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Ocean Park Hosts Hong Kong’s First Cross-Strait Giant Panda Conference


The 3rd Cross-Strait Giant Panda Conservation and Education Conference kicked off in Hong Kong yesterday. Spearheaded by the State Forestry Administration of the People’s Republic of China, this bi-annual 3-day conference was  hosted by Ocean Park and held in the city for the first time, and co-organized with Beijing Zoo, China Conservation and Research Centre for the Giant Panda (“Wolong”), Taipei Zoo, the Civic and Municipal Affairs Bureau of Macau. 

Attended by around 100 management, curatorial, veterinarian representatives and experts from close to 40 giant panda conservation and education-related organizations and natural reserves this year, the conference promotes communication, facilitates technical exchanges, and garners support amongst the regions for giant panda conservation. Wolong representatives and partnering organizations also shared the latest updates on giant panda husbandry, conservation and education work, as well as provided progress reports on giant pandas under human care which underwent re-introduction training programs and were released back to the wild.

According to the State Forestry Administration, the husbandry practices of giant pandas under human care have reached a stable developmental phase, with a total of 341 giant panda under human care as of 2012. Subsequent to the release of the first giant panda under human care, Xiang Xiang, back to the wild in 2003, Wolong continues to improve its giant panda re-introduction training programme and release procedures. In 2012, Tao Tao, after undergoing the enhanced and systematic reintroduction training, was released back to the wild, and is currently doing well.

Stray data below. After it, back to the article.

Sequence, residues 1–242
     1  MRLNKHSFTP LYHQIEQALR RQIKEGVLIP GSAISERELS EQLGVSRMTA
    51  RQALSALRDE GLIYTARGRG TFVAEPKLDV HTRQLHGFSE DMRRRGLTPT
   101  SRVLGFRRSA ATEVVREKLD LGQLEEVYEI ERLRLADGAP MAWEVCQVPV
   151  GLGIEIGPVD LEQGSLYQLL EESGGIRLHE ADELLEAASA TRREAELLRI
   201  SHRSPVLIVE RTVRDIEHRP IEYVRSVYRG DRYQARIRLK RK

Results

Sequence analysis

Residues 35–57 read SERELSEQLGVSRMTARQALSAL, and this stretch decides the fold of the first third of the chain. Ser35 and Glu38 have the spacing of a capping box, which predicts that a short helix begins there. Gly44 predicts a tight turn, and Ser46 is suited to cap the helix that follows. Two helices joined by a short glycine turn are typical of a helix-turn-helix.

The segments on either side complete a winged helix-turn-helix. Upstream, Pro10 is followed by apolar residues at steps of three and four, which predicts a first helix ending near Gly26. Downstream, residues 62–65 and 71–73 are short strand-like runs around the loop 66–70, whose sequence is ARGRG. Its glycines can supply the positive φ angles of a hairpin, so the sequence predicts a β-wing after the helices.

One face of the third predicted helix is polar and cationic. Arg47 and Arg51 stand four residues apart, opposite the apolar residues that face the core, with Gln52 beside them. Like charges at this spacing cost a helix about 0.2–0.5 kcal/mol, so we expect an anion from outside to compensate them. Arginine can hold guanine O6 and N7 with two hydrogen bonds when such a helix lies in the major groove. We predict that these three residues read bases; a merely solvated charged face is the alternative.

At the conference, Mr. Matthias Li, Deputy Chief Executive of Ocean Park, shared about the important roles giant pandas play as conservation ambassadors in Hong Kong. Since the arrival of the first pair of giant pandas, An An and Jia Jia, in May 1999, over 32 million guests have visited the giant pandas at Ocean Park, while over 190,000 students have participated in giant panda-related educational programmes at the Park. Meanwhile, Ocean Park and Ocean Park Conservation Foundation, Hong Kong (OPCFHK) have  invested over $40 million on giant panda conservation, education and scientific research initiatives, as well as post-earthquake rebuilding efforts in Sichuan.